Brady started through weaving through pass-rushers, placing balls in peanut-sized spaces. He wasn’t missing.
“When he got hot,” Falcons coach Dan Quinn said, “it was hard for us to deal with it.”
Patriots coach Bill Belichick added, “Tom has had a lot of great ones. Tonight was one of them.”
No, tonight was the greatest one of them. Belichick works magic of his own. He became the first head coach to ever fill a full hand with Super Bowl rings, just as Brady did the same among quarterbacks.
But this one for the thumb was about Brady. He went 16-for-21 for 196 yards in the fourth quarter before going 5-for-5 for 50 yards in overtime.
Overall, Brady broke Super Bowl records with 43 completions, 62 attempts and 466 passing yards. And he set up teammates to do just as much damage.
James White, buried as a third-string running back for most of the year, now holds Super Bowl records with 14 receptions and 20 points. He scored the Patriots’ first touchdown, their tying touchdown and their winning touchdown as part of a 139-yard night.
White mentioned the Brady-inspired feeling that the game was never over no matter how dire the situation appeared, one of many players to do so postgame. Another was linebacker Dont’a Hightower, who stymied the Falcons’ bid to become the first team to never commit a turnover in the NFL Playoffs.
Hightower hit sure handed NFL MVP Matt Ryan so hard he fumbled with 8:31 left in the game, and defensive tackle Alan Branch fell on the loose ball at 25-yard line. Two minutes later, Brady was firing a touchdown pass to Danny Amendola and White was charging in a two-point conversion to make it an eight-point game.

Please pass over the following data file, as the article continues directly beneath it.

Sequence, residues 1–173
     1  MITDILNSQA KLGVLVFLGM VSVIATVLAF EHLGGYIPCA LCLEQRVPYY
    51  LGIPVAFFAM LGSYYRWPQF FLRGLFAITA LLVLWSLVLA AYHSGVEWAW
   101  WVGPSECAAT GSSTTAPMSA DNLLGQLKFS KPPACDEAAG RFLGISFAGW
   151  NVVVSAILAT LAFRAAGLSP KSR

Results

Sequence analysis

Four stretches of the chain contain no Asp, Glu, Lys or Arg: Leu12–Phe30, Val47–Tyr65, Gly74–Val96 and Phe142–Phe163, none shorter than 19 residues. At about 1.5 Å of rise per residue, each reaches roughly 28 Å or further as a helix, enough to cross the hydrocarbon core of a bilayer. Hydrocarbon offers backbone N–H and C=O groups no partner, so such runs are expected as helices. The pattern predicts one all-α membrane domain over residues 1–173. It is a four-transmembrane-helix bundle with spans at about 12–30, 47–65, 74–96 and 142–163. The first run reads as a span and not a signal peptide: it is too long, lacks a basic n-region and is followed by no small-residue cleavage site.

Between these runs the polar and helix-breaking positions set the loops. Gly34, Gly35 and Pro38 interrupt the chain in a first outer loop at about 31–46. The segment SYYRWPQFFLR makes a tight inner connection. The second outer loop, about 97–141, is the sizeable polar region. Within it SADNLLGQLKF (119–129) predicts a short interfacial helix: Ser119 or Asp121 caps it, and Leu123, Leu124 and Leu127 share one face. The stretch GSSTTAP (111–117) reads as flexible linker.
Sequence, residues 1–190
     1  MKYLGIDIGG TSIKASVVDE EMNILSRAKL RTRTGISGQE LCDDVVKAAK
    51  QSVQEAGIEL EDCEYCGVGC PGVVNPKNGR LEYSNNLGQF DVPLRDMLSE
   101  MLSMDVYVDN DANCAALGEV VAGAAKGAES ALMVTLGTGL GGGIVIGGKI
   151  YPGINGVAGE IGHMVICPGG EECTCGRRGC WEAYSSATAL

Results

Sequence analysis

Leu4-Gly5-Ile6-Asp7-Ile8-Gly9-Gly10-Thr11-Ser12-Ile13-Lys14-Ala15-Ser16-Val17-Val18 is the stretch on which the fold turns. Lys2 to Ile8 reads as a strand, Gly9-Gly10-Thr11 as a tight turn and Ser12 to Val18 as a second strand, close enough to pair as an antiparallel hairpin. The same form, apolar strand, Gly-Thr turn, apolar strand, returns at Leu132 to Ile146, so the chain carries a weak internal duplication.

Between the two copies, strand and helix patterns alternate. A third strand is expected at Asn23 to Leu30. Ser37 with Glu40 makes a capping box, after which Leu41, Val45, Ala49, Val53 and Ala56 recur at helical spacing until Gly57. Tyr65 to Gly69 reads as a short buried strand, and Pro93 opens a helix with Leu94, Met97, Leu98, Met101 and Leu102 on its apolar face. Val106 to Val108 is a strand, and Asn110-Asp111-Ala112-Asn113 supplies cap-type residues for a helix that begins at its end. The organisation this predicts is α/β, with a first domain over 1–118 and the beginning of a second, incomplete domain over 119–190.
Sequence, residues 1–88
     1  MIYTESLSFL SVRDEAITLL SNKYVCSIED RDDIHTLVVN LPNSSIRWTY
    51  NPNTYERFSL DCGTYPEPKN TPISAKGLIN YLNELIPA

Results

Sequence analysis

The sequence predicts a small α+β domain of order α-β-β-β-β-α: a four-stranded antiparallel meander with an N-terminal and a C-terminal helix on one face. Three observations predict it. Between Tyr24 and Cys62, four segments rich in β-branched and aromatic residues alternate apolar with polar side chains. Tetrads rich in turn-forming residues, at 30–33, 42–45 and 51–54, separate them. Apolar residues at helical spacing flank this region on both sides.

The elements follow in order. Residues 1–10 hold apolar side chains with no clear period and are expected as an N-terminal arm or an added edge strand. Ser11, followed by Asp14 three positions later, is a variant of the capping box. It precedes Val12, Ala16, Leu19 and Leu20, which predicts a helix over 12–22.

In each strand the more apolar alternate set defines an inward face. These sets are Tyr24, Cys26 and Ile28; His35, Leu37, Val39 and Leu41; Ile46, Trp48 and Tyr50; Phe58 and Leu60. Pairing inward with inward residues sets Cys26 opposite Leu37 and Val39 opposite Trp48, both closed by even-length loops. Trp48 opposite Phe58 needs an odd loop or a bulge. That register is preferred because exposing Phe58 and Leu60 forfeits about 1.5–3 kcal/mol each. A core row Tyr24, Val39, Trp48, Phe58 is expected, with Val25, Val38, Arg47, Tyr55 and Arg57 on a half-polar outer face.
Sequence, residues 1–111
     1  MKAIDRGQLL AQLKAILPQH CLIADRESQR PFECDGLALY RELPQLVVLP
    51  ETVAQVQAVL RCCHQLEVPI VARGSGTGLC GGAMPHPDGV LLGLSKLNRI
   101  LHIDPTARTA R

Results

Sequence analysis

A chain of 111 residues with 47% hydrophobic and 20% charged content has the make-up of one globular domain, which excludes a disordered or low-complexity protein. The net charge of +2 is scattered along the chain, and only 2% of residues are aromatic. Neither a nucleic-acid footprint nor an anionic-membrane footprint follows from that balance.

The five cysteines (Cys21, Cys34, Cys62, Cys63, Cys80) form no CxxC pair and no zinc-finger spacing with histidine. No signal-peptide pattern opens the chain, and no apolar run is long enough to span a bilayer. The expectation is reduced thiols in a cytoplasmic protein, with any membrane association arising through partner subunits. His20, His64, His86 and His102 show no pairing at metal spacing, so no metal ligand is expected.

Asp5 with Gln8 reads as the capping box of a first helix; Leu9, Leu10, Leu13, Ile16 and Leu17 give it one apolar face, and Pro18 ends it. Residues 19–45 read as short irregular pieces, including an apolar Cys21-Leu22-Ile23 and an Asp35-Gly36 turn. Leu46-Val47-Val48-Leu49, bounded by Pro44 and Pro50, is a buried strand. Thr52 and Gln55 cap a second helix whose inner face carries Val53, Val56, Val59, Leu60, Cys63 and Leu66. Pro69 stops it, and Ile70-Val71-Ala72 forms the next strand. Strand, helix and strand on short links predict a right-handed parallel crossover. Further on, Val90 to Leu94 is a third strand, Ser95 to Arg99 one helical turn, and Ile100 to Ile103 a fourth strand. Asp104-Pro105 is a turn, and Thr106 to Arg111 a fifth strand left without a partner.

Not long after that, Brady was leading a 10-play, 91-yard drive capped inside the final minute with the recipients of the touchdown and conversion reversed. White ran it in for six points; Amendola caught a pass for the extra pair to tie it.
The enclosed dome suddenly sounded like Gillette Stadium. There was a sense the Patriots couldn’t lose, a sense the team always maintained on their sideline.
“We still had Tommy back there slinging that thing around so my confidence never went down, just doing what I had to do,” receiver Julian Edelman said.
Edelman will be remembered for making the greatest play of Super Bowl 51. On the Patriots’ final scoring drive of regulation, Alford deflected a Brady pass that Edelman then dove, trapped against the defender’s shoe, bobbled and still caught cleanly without the ball touching the ground for a 23-yard gain.
When Quinn threw a challenge flag before a replay aired in the stadium, Belichick had his doubts it was a completed pass. So did Brady.
“I couldn’t believe it,” Brady said. “It was one of the greatest catches. We’ve been on the other end of a few of those catches, and tonight we came up with it.”
Couldn’t believe it? Come on.
Nothing is unbelievable when it comes to the Patriots, and that's mostly because of Brady.